Hopes of increased foreign investment in Malaysia have been raised by the solid election victory of the National Front Government led by Prime Minister Datuk Hussein Onn on Saturday (8 July).
SV INTERIOR ZOOM CU: ballot boxes being opened and papers dumped into counting tray.
SV: team of election workers counting ballot papers (3 shots)
CU OF: election scoreboard.
SV: workers at election commission office.
CU ZOOM SV: scoreboard tallies going up (2 shots)
SV: Prime Minister Datuk Hussein Onn and other National Front officials watching television and keeping checklist of results (8 shots)
SV AND CU ZOOM SV: Democratic Action Party candidate Mr. Lee Lam Thye acknowledges result of his win from previously held government seat. (5 shots)
The National Front Coalition is also expected to have an overwhelming triumph in the East Malaysian states of Sabah and Sarawak where polling will be completed later this month after staggered elections due to communication problems.
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Background: Hopes of increased foreign investment in Malaysia have been raised by the solid election victory of the National Front Government led by Prime Minister Datuk Hussein Onn on Saturday (8 July). The foreign and Chinese business communities both welcomed the Front's victory. They said it was expected to lead to a greater flow of foreign investment through a more flexible application of rules governing investment.
SYNOPSIS: The National Front swept back into power in the general election, but conceded several seats to the opposition Democratic Action Party. The Front, comprising the dominant Malay Party and the minority Chinese and Indian parties, took 91 of the 114 seats declared in the 154 seat parliament. The opposition parties, either primarily Malay or Chinese had been weakened by Internal dissensions and a number of defections to the Front. The daily press generally supported the National Front and the Opposition were given less air time on radio to campaign because of fewer candidates. There was little doubt from the beginning of the balloting that Mr. Hussein would win.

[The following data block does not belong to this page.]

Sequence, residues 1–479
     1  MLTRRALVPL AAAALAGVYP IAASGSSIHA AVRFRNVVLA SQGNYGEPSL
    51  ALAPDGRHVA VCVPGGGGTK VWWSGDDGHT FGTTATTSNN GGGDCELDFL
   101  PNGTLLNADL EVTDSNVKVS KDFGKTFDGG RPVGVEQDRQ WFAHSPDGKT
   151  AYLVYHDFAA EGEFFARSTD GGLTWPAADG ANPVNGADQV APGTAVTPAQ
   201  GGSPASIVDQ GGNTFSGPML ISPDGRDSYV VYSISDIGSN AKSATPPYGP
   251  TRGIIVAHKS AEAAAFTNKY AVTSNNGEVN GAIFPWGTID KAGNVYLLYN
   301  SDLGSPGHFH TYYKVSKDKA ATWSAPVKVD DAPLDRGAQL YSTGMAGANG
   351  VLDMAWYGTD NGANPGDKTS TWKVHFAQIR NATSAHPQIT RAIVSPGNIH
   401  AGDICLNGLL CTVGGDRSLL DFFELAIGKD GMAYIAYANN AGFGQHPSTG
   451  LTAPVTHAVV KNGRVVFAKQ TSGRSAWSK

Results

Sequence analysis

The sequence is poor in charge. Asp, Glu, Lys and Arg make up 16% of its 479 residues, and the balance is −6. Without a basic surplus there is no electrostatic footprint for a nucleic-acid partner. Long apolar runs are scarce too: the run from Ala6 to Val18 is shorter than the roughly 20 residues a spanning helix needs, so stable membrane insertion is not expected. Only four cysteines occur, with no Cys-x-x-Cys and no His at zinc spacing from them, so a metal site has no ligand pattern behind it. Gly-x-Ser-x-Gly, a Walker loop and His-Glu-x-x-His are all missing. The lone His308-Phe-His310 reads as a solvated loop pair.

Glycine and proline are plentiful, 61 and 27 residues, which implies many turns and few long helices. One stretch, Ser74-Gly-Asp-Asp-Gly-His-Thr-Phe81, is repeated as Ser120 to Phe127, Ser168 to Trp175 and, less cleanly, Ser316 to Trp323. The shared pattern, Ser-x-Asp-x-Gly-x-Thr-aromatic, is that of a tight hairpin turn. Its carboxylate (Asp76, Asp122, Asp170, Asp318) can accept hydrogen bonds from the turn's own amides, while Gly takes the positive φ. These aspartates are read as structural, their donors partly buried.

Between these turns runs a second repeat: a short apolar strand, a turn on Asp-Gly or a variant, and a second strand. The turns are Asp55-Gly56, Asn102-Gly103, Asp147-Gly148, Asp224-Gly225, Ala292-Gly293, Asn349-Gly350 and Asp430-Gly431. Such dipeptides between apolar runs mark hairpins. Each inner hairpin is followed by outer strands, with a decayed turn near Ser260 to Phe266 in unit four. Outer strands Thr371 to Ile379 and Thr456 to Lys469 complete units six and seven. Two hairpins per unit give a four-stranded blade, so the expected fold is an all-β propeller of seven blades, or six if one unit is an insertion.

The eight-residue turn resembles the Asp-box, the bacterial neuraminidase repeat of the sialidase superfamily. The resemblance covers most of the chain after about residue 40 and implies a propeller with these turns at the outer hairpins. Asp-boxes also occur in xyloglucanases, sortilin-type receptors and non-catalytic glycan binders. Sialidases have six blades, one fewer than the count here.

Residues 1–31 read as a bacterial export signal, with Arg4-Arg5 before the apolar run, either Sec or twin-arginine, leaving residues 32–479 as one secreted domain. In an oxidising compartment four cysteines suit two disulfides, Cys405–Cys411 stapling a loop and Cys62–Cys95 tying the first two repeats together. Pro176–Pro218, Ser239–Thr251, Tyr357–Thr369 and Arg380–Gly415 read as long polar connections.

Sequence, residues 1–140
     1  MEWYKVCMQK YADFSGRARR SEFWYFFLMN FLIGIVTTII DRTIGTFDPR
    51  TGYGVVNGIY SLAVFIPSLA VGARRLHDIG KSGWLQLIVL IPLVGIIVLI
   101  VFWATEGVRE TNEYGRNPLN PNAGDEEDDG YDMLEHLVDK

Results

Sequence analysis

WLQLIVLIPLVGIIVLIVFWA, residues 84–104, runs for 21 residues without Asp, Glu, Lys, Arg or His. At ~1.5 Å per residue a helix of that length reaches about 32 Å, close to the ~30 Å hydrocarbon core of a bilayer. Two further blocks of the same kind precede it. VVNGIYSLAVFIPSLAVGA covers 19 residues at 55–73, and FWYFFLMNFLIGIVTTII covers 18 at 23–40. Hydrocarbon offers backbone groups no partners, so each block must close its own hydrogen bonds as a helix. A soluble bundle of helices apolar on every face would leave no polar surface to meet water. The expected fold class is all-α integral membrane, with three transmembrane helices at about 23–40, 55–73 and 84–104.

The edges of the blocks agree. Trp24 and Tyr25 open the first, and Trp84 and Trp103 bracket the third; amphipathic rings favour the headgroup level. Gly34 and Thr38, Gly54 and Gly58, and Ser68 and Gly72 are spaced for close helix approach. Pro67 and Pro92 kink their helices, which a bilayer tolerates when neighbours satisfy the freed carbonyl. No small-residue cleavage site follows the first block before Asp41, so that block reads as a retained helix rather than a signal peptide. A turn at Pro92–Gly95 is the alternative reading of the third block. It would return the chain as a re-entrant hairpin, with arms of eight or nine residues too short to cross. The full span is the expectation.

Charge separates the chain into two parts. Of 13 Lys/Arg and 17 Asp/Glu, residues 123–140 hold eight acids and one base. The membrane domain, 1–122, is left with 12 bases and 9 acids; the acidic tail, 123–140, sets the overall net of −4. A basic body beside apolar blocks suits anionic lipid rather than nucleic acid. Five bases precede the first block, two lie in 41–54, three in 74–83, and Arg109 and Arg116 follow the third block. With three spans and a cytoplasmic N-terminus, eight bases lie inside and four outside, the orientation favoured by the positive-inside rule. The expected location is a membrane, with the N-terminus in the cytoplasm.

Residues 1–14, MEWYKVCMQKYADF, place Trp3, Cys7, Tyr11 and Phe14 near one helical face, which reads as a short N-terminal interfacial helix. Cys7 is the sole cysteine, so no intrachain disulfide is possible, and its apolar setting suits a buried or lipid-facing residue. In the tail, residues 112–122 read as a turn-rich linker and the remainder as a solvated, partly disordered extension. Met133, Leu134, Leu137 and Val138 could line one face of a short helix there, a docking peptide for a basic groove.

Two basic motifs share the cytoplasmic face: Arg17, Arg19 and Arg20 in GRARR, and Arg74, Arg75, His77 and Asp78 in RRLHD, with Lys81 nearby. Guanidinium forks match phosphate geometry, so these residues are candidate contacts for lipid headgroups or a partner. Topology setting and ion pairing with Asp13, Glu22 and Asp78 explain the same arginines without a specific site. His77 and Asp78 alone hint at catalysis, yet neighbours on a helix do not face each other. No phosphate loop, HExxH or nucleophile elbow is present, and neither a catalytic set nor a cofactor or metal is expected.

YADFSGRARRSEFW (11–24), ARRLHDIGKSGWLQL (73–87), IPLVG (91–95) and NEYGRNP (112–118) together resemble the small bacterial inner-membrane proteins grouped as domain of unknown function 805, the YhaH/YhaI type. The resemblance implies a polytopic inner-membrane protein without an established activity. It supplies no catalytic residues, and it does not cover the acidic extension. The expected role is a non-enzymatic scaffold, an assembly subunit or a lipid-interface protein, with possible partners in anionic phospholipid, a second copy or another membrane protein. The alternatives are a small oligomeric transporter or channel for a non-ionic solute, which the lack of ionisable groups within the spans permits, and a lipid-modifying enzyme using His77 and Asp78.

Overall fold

Mr. Hussein took office as Prime Minister and United Malay's National Organisation Party leader when Tun Abdul Razak died suddenly in office in 1976. With a 75 per cent turn out of voters, the results give him a clear-cut mandate to implement his pledge to consolidate his government on a multi-racial basis and to carry out his economic policies. He also pledged to suppress the threat posed by Communist guerrillas along the country's border with Thailand. Restrictions on political rallies were issued to stop the out-law Communists from disrupting the election.
Democratic Action Party candidate Mr. Lee Lam Thye won a previously held government seat. The DAP party increased their representation by 60 per cent. They went to the polls with the stand that they must be given enough support to be an effective opposition - able to draw the government's attention to neglected human rights and racial issues. The Prime Minister declared during the campaign that his government was determined to win the full trust of all Malaysians, regardless of their ethnic origin.